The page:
The Bilingual Brain

Research in the field of cognitive neuroscience and neurobiology has led to an enhanced understanding of the bi/multilingual brain. Cognitively, being fluent in multiple languages increases an individual’s ability to focus and can protect against age-related cognitive decline, such as dementia and Alzheimer’s (Bialystok, Craik, & Freedman 2007). Additionally, bilingual students reach language milestones at the same time as monolingual students in both languages, and starting from infancy, are able to keep the two languages distinct and avoid language confusion (Hernandez et al. 2001). As bilinguals get older, however, their ability to differentiate between distinct sounds decreases in their second language, starting as early as when they are six months old (Cheour et al. 1998).  

In terms of brain structure, MRI studies have shown that bilingual adults (particularly those who were bilingual by the age of five) have denser gray matter (brain tissue used for information processing), especially in the left hemisphere, which is mostly responsible for language (Mechelli et al. 2004). This finding indicates that bilingualism actually alters the brain’s structure. Processing for all learned languages predominantly occurs in the same left hemisphere brain regions. But when bilinguals are switching between their languages, they have enhanced right hemisphere activation that is not seen in monolingual individuals (Kovelman, Baker, & Petitto 2008).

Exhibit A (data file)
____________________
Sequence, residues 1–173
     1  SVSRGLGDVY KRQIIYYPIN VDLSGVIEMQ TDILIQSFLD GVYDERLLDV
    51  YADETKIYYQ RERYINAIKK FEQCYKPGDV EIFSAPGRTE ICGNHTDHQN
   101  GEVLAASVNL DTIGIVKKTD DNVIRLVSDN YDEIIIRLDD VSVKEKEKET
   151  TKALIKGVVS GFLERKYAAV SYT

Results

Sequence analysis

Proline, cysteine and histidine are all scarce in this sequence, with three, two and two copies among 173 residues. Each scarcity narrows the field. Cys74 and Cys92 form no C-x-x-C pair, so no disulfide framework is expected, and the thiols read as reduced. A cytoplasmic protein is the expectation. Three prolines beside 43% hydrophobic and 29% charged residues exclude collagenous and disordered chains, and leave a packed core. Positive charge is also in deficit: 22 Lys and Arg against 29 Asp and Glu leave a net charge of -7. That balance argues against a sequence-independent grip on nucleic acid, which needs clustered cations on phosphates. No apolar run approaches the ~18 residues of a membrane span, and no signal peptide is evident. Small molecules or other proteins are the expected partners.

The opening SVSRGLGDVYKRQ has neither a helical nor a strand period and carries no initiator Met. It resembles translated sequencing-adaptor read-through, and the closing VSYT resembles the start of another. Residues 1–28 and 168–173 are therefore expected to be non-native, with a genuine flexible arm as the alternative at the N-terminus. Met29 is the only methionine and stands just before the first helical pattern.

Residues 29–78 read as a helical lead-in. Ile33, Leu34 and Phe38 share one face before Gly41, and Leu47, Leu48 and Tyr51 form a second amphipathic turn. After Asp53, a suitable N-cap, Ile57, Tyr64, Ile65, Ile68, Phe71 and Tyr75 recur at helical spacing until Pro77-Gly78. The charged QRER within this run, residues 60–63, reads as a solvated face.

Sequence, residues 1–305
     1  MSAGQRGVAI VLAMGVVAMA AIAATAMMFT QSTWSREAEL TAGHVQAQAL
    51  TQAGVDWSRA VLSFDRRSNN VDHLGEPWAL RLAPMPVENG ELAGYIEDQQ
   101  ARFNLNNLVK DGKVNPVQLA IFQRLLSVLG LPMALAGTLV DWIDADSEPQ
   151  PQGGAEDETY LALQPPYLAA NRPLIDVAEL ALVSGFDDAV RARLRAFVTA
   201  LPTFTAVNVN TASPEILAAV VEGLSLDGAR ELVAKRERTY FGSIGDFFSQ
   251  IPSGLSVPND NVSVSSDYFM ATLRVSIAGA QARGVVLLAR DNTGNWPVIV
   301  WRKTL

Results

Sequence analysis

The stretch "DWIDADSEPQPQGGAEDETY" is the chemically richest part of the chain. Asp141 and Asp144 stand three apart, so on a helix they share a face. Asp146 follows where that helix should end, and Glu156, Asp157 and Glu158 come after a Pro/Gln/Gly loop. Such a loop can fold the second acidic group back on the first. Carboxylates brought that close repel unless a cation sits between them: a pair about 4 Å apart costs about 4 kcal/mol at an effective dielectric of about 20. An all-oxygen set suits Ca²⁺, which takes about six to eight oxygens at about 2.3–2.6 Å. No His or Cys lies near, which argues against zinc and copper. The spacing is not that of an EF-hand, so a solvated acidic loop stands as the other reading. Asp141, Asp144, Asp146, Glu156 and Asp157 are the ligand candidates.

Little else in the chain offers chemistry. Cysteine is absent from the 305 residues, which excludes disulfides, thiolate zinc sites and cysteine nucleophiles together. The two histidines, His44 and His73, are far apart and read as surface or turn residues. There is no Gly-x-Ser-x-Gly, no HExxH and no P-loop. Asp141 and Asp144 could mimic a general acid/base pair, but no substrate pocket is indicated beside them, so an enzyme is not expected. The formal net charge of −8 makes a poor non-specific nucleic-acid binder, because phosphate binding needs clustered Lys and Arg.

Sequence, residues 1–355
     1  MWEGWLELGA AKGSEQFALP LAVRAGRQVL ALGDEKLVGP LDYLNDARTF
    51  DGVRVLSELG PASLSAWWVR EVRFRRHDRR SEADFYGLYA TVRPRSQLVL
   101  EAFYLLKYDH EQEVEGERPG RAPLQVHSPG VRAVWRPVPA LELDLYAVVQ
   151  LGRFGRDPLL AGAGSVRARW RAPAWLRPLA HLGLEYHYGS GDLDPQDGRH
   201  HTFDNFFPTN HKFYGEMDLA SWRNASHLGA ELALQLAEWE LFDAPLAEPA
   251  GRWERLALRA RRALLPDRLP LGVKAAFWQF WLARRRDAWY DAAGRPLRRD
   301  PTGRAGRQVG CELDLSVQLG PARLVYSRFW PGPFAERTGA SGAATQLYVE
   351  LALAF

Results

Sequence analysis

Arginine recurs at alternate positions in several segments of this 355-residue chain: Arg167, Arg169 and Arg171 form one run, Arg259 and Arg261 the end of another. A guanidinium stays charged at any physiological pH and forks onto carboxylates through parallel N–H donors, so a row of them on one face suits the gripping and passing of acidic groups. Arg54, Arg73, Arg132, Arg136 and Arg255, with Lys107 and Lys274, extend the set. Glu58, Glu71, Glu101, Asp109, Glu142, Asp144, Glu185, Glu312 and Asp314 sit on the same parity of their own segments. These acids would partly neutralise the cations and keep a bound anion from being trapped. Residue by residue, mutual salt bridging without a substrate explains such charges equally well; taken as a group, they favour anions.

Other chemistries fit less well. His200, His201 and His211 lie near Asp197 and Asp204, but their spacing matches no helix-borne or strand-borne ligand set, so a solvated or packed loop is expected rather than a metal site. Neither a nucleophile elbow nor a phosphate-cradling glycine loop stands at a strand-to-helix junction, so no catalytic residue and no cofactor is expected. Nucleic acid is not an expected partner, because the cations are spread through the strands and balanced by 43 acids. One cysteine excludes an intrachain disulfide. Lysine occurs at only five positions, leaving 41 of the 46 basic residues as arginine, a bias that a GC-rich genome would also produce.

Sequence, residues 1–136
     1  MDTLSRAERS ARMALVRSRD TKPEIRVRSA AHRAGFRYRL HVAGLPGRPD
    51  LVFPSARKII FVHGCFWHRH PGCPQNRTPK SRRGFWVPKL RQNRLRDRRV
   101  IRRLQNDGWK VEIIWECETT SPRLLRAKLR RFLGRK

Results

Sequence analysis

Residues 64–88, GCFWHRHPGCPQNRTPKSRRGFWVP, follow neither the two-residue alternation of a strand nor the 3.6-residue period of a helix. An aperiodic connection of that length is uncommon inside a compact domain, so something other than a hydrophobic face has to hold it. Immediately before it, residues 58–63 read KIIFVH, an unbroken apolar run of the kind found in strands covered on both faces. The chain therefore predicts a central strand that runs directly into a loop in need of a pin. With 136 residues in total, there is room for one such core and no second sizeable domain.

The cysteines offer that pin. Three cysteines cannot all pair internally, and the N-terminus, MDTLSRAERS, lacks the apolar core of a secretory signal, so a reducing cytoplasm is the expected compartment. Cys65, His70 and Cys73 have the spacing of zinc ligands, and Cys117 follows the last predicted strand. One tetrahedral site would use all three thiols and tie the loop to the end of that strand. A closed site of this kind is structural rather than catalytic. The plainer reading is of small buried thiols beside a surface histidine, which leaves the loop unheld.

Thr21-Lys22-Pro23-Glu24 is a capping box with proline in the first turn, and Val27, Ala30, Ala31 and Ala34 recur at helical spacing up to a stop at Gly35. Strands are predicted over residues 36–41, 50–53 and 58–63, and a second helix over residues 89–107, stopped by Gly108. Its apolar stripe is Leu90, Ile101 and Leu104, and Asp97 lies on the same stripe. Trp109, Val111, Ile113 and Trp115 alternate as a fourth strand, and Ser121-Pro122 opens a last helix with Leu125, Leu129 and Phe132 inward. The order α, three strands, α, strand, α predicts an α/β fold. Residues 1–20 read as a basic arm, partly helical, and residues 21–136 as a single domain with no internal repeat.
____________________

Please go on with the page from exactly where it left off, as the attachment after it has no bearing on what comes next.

This expanded neural activity happens in regions that are in charge of cognition and executive control, and it could be compensatory, demonstrating that bilinguals have enhanced neural support that could allow them to perform at least as well as monolinguals (Mechelli et al. 2004).


Given the countless advantages (both neurologically and socially) to being bilingual, education should not work against it, but rather should foster multiple-language acquisition and growth. Linguists and ELL educators unanimously note that multilingual education is the best practice for bilingual learning. CLIL (content and language integrated learning, or teaching some subjects in a second language) improves language learning and content learning (Rogers 2014). Additionally, brain imaging research highly supports multilingual education, given the numerous cognitive and structural neural benefits of bilingualism.